Scientific laws 
Main article: Scientific law Scientific laws are similar to scientific theories in that they are principles which can be used to predict the behavior of the natural world. Both scientific laws and scientific theories are typically wellsupported by observations and/or experimental evidence. Usually scientific laws refer to rules for how nature will behave under certain conditions.^{[6]} Scientific theories are more overarching explanations of how nature works and why it exhibits certain characteristics. A scientific law, is a lawlike statement that generalizes across a set of conditions. ...
Notes  ^ National Academy of Sciences (2005), Science, Evolution, and Creationism, a brochure on the book of the same title.
 ^ Frisk; derivation from ?e?? was suggested by Koller Glotta 36, 273ff.
 ^ Hempel. C.G. 1951 “Problems and Changes in the Empiricist Criterion of Meaning” in Aspects of Scientific Explanation. Glencoe: the Free Press. Quine, W.V.O 1952 “Two Dogmas of Empiricism” reprinted in From a Logical Point of View. Cambridge: Harvard University Press
 ^ Philip Kutcher 1982 Abusing Science: The Case Against Creationism. Page 45 Cambridge: The MIT Press
 ^ The theory of plate tectonics is also called the theory of continental drift.
 ^ See the article on Physical law, for example.
President Harding and the National Academy of Sciences at the White House, Washington, DC, April 1921 The National Academy of Sciences (NAS) is a corporation in the United States whose members serve pro bono as advisers to the nation on science, engineering, and medicine. ...
Theos may refer to: Theos () is the Greek word for deity, god; see god (word), names of God. ...
Plates in the crust of the earth, according to the plate tectonics theory Continental drift refers to the movement of the Earths continents relative to each other. ...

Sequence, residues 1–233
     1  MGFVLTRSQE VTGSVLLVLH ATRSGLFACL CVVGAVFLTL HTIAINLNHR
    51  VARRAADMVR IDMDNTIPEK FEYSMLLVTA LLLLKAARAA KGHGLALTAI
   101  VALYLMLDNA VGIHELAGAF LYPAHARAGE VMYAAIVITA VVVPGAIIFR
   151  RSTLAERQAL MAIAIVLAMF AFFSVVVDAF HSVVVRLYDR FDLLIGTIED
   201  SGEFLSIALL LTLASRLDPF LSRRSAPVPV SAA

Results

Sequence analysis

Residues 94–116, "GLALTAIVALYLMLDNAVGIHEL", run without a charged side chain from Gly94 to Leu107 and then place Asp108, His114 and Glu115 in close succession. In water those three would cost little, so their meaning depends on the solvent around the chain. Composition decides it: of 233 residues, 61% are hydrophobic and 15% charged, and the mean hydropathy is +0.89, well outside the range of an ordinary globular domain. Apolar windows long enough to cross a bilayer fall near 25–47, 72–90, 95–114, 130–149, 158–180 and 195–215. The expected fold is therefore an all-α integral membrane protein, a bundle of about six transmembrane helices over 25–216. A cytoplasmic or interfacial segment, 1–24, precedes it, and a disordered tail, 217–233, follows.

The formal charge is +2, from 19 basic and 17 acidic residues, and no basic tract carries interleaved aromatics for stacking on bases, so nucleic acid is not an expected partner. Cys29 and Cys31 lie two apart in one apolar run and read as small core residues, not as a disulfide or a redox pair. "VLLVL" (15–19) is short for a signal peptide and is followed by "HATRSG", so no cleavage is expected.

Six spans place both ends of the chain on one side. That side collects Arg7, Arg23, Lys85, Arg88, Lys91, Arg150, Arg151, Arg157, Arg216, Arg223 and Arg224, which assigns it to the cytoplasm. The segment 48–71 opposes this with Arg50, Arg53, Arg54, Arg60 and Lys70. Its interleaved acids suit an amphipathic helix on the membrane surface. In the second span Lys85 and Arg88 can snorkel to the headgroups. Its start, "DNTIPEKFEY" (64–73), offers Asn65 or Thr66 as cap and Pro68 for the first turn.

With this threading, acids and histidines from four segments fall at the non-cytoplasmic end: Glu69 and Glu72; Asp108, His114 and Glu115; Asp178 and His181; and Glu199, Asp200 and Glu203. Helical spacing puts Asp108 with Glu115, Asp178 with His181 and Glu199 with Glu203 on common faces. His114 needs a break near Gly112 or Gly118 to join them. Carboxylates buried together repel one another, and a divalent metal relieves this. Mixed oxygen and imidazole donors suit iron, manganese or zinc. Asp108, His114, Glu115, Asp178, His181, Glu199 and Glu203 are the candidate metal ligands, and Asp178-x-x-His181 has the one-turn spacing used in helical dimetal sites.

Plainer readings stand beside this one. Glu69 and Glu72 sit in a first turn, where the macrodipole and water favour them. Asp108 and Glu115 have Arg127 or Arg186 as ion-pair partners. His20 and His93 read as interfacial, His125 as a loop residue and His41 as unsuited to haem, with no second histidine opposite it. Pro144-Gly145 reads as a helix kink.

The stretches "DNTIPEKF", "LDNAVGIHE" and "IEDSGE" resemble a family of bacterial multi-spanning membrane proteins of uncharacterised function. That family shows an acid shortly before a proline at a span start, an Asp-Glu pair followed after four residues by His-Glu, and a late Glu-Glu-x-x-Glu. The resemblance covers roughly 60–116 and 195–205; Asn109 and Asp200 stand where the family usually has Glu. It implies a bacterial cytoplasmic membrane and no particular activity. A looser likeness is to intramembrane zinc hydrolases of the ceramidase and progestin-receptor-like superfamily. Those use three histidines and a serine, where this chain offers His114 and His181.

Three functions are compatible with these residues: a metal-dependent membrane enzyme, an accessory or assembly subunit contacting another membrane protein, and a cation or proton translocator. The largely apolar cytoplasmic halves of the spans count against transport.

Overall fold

For a list of set rules, see Laws of science. ...
References  Popper, Karl (1963), Conjectures and Refutations, Routledge and Kegan Paul, London, UK, pp. 33–39. Reprinted in Theodore Schick (ed., 2000), Readings in the Philosophy of Science, Mayfield Publishing Company, Mountain View, CA, pp. 9–13.
 Chairman of Biology and Kennesaw State Ronald Matson's webpage comparing scientific laws and theories
 Hawking, Stephen (1996). "The Illustrated A Brief History of Time" (Updated and expanded ed.). New York: Bantam Books, p. 15.
 Mohr, Johnathon (2008). "Revelations and Implications of the Failure of Pragmatism: The Hijacking of Knowledge Creation by the Ivory Tower". New York: Ballantine Books. pp. 87192.
Sir Karl Raimund Popper CH FRS FBA (July 28, 1902 â€“ September 17, 1994) was an Austrian and British[1] philosopher and a professor at the London School of Economics. ...
Theodore Schick is an author in the field of philosophy. ...
// Onomastics and disambiguational information about the words, place & humannames that forms Mohr, MÃ¶hr, Moehr, MÃ¶hre, Moehre, etc. ...
See also This is a list of topics commonly referred to as ___ theory. This is not a list of theorems or theories (e. ...
Falsifiability (or refutability or testability) is the logical possibility that an assertion can be shown false by an observation or a physical experiment. ...
In mathematics, logic, and computer science, a formal language is a language that is defined by precise mathematical or machine processable formulas. ...
In logic and mathematics, a formal system consists of two components, a formal language plus a set of inference rules or transformation rules. ...
Look up Hypothesis in Wiktionary, the free dictionary. ...
One may be faced with the problem of making a definite decision with respect to an uncertain hypothesis which is known only through its observable consequences. ...
An abstract model (or conceptual model) is a theoretical construct that represents something, with a set of variables and a set of logical and quantitative relationships between them. ...
The New York Times reported on Einsteins confirmed prediction. ...
Scientific method is a body of techniques for investigating phenomena, acquiring new knowledge, or correcting and integrating previous knowledge. ...
Testability, a property applying to an empirical hypothesis, involves two components: (1) the logical property that is variously described as contingency, defeasibility, or falsifiability, which means that counterexamples to the hypothesis are logically possible, and (2) the practical feasibility of observing a reproducible series of such counterexamples if they do...